Stop Training Your Leaders!

As a business owner who makes a living partly from training leaders, I give myself full permission to write this article and accept any consequences as a result of businesses changing the way they look at developing their leaders!

A colossal, money-making area of training is leadership. If I had one Dirham for every time I have read or heard, ‘”what’s the difference between a manager and a leader?’’ I would be lying on my private island writing this and not in my office.

At an estimated industry value of US$60 Billion, there have been over 85,000 leadership books published in the last forty years. Here are some listings numbers when you search on Google: 142,000,000 for leadership, 3,500,000 for leadership training, 21,300,000 for leadership training courses, 13,100,000 for leadership consulting firms and 1,600,000 for leadership consultants.

Why then, with such an array of resources available and with businesses seemingly willing to allocate substantial budgets to resolve the issue, is developing leaders still such an ambiguous problem? The issues emanate from the mindset of the company looking to ‘resolve their leadership problem’ and often stumble across some of these common pitfalls:

– Companies fail to realise that leadership differs from one organisation to another.

– Companies classify leadership as a ‘problem’.

– Companies hire people or buy programs ‘off the shelf’ to address leadership issues.

– Selected individuals go through the process of ‘learning leadership’.

– These people go back into organizations and are measured on exactly the same things they were measured on BEFORE the training on leadership. In other words, we don’t measure leadership per se, but measure everything else around it: profits, losses, costs, quality, errors, etc

A lot of traditional leadership training focuses on traits. Notably, Thomas Carlyle and Francis Galton were the first to publish leadership trait research back in the 1800’s. Naturally, there has since been a veil of doubt cast over their initial suppositions, initially by Ralph Stogdill who wrote a paper in 1948 (Personal Factors Associated with Leadership: a Survey of the Literature, Journal of Psychology) summarising that the typical leadership traits list was so large and variable, that it cannot, therefore, be conclusive.

Exactly my warning! There is not one single mould or definitive set of guidelines to characterise a successful leader, yet many try to portray one, either via traits lists, training theories, models or various hyped programs.

So, if we don’t train leaders and we can’t identify them from a list, how do we develop them?

1. We need to take our heads out of a book and look at our organizational needs. Ask yourself, “Is the same leader going to be successful in a large bureaucratic American-run organization as they are in a local Middle Eastern family run group?” Of course not!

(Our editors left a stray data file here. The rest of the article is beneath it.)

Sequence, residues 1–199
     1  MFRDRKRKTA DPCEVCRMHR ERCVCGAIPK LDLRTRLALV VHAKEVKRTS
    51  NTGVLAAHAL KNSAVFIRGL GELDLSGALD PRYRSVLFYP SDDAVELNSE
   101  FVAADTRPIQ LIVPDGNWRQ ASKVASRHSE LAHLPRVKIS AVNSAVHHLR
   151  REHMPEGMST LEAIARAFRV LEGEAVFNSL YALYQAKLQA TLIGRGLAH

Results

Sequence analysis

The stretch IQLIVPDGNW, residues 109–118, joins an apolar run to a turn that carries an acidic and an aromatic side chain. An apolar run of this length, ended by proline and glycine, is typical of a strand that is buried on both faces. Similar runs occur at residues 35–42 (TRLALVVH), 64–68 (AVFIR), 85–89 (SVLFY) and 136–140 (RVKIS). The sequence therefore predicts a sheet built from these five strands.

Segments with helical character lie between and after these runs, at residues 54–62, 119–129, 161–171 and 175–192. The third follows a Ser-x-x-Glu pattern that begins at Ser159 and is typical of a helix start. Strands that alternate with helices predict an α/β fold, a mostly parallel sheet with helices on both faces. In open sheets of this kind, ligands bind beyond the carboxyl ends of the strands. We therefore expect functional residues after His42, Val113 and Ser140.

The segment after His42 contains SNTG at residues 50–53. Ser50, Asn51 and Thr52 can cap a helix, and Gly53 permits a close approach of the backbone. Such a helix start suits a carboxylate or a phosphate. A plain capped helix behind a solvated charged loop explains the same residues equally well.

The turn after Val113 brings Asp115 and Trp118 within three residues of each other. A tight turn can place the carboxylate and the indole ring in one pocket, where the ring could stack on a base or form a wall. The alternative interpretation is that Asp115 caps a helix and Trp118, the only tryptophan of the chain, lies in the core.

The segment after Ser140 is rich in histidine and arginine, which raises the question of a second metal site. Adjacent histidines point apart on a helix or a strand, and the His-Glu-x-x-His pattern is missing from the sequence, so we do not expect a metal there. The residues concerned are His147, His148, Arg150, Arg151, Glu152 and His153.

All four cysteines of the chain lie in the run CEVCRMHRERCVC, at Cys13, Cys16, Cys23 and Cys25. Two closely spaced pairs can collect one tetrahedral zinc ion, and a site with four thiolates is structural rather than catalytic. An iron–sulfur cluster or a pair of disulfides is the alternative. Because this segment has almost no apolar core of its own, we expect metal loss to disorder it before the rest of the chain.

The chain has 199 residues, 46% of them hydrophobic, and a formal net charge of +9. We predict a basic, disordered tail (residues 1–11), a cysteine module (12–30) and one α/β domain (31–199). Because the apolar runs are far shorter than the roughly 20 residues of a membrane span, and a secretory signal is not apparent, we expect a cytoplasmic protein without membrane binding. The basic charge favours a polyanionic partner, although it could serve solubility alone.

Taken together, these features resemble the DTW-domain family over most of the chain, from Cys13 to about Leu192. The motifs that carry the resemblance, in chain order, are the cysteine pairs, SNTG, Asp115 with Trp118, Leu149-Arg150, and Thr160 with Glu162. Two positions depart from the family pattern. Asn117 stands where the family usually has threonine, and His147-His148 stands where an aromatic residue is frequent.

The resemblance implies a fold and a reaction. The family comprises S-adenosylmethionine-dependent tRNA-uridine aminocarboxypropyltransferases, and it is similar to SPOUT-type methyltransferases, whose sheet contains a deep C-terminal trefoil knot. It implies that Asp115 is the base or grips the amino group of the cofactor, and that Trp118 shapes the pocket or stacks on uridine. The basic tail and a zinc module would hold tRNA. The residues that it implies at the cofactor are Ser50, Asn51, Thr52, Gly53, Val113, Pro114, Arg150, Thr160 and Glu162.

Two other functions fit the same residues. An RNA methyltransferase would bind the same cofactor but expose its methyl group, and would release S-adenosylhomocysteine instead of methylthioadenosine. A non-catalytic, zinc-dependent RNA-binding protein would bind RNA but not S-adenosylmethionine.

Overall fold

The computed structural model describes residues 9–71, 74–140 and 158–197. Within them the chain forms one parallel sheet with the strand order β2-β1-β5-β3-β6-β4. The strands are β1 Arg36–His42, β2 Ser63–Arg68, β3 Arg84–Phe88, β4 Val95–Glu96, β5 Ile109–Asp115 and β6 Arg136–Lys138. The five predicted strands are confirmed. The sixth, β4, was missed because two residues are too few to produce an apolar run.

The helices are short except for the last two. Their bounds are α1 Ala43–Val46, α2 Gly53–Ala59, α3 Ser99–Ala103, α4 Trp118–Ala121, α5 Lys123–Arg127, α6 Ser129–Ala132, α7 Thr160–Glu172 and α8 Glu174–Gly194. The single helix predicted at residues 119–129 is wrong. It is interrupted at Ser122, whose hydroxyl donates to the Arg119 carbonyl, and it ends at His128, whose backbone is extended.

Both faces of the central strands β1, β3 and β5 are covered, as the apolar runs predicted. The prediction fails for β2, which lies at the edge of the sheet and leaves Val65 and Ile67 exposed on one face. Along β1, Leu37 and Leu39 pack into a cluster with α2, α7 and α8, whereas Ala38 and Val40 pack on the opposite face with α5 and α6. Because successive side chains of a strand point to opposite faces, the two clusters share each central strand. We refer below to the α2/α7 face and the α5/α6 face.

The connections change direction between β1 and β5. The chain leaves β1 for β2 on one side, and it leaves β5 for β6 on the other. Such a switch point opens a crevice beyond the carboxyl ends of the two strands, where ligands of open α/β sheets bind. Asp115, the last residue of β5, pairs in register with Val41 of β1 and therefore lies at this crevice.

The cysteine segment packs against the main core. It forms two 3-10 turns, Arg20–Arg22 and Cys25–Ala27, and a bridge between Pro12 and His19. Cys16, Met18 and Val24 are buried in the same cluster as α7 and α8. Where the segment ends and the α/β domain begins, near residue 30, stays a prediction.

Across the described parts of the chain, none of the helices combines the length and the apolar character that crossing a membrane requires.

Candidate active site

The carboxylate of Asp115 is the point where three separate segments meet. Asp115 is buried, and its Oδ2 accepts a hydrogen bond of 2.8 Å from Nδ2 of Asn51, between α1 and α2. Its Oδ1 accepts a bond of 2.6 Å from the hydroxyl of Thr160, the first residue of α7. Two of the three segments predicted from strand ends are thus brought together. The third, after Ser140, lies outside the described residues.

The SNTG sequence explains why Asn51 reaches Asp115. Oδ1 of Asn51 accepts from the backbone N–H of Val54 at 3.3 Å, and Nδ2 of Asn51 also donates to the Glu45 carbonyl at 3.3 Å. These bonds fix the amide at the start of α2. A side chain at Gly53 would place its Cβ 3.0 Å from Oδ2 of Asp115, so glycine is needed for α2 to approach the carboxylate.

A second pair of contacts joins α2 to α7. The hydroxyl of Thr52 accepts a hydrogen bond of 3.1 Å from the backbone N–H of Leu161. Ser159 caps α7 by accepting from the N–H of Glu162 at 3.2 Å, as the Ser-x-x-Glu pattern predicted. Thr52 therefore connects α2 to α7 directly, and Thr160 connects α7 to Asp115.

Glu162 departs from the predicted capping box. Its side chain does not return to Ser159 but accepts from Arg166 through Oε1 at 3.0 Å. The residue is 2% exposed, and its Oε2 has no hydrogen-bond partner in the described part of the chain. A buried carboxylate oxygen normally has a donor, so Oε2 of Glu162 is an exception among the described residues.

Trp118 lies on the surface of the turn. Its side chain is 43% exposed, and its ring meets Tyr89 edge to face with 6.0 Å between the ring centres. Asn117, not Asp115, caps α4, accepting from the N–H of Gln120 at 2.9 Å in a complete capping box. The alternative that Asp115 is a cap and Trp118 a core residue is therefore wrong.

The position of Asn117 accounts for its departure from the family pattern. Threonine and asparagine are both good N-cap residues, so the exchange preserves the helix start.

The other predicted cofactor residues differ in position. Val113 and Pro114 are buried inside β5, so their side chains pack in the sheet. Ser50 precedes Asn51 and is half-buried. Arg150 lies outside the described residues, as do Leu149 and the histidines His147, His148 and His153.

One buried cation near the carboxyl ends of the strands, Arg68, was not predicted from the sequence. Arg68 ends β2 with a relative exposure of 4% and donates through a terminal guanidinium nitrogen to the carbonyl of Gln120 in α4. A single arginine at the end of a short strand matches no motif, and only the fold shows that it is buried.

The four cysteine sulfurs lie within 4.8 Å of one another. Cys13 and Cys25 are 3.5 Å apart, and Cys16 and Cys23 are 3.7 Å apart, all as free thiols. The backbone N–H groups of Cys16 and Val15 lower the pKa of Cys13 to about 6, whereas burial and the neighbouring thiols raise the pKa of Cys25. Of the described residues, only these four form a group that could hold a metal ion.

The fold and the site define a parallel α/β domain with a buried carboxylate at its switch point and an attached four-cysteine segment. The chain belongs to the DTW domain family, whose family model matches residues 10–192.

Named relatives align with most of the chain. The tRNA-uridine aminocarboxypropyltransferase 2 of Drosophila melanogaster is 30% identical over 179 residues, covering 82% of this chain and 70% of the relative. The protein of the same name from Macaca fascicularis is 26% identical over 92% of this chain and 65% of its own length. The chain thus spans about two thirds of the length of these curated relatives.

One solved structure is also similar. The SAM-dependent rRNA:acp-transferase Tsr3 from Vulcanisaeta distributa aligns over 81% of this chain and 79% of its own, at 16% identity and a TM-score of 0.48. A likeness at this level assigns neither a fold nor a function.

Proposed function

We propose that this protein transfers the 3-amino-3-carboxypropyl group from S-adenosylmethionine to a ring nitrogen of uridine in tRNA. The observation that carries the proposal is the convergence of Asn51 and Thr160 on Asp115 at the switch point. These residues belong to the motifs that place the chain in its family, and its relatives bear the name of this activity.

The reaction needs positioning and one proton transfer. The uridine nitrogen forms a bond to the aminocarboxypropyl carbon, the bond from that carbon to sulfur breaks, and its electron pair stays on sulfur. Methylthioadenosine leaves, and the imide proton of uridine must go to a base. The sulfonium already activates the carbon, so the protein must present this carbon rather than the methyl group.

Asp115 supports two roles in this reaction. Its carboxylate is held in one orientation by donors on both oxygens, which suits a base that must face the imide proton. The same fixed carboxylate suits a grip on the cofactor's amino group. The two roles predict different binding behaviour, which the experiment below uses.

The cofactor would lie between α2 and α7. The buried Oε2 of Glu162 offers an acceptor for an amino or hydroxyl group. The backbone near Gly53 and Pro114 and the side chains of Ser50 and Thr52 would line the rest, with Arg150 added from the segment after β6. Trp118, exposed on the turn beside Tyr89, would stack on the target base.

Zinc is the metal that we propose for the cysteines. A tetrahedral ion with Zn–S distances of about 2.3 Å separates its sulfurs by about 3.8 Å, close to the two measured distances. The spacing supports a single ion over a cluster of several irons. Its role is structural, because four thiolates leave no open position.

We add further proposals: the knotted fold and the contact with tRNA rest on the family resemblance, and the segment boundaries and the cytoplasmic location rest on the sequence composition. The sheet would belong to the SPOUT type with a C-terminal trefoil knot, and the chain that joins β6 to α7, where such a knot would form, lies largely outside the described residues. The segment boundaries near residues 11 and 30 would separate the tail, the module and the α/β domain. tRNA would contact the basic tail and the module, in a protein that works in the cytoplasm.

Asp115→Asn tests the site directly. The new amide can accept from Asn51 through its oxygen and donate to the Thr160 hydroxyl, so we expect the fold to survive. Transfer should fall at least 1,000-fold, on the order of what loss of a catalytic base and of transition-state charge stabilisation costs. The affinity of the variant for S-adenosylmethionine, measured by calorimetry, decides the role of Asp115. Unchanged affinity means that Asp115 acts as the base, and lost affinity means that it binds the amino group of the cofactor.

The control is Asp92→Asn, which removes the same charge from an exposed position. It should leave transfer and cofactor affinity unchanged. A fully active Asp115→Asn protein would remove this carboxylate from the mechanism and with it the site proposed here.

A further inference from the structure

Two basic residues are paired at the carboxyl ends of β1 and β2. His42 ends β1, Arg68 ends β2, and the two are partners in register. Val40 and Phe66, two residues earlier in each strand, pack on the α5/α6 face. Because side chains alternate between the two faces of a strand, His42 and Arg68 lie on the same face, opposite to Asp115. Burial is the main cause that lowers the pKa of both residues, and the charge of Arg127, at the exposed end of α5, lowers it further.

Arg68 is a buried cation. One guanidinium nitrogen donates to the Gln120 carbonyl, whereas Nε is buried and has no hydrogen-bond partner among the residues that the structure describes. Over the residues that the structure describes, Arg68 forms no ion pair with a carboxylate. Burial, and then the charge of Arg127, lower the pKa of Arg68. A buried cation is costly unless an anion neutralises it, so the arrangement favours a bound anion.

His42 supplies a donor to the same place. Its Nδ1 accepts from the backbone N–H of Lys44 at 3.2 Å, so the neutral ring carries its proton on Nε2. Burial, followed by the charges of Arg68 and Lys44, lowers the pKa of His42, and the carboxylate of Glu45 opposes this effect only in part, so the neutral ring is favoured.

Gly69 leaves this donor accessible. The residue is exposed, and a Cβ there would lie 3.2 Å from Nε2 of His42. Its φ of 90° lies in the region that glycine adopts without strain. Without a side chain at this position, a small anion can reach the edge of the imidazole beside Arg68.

2. We do need to consider the traits of a potential leader, but not solely rely on them. Is there a dovetail fit with your organization? We need to stop using static yes/no psychometric tools and look at the development and behavioural tools on the market.

3. We need to focus on the correct development program within our organisation and strive for inspiring talent management thinking.

4. We need to consider what type of employees we have. What inspires them to ‘’follow’’ someone?

5. We should all create more metrics for our leaders that have more to do with the person than the output those people are responsible for.

6. Add our regional challenges on top of this, and we need to think deeper.

We, as usual, have the biggest challenges in this region, yet I see very few organizations addressing this in leadership. How many different cultures does a leader have to deal with in the Middle East? How many varying age groups? We have a unique mix of multi-generational, culture, behavioural and hierarchical issues.

Finally, a cautionary word! Most organizations check that a person is culturally aware before hiring them, but what exactly does that mean? Ask yourself what your opinion is on leaders from these countries: UK? Lebanon? India? UAE?

I guarantee that you have already formed a sub-conscious opinion. Everyone has a set of implicit assumptions about what a ‘good’ leader looks like, sounds like and acts like. In academic literature these assumptions are called ‘Implicit Leadership Theories’ (ILT). Often, these mental models or ILTs are developed in childhood. They tend to be culturally biased, carrying the beliefs and assumptions of a particular culture.

Mental models of leadership are also influenced by organizational culture. Over time, people in the same workplace adopt similar beliefs about the nature of an effective leader. So what happens when a leader does not fit the mental leadership model of their followers? Can they be effective leaders? Or do they need to adjust in order to fit with the demands of their followers? This suggests that leaders need to be aware of their own ILT and be sensitive to the ILTs of their followers.

In other words, explicit discussions need to take place between leaders and followers about what stage of development the organization is at. Do you need more technical process leaders or the next level of motivational leaders?

In summary, we need to stop classroom training, copious theories and models and look deeper. We need to get back into the box we are constantly told to get out of because the answers are in the organisation and we need to develop them from within!

Paula Jane Cox is a partner for Lumina Learning in the Middle East. She has over 18 years experience in consulting with leaders and decision-makers to improve business effectiveness, the bottom line and engaging employees on a global scale. Currently residing in the UAE.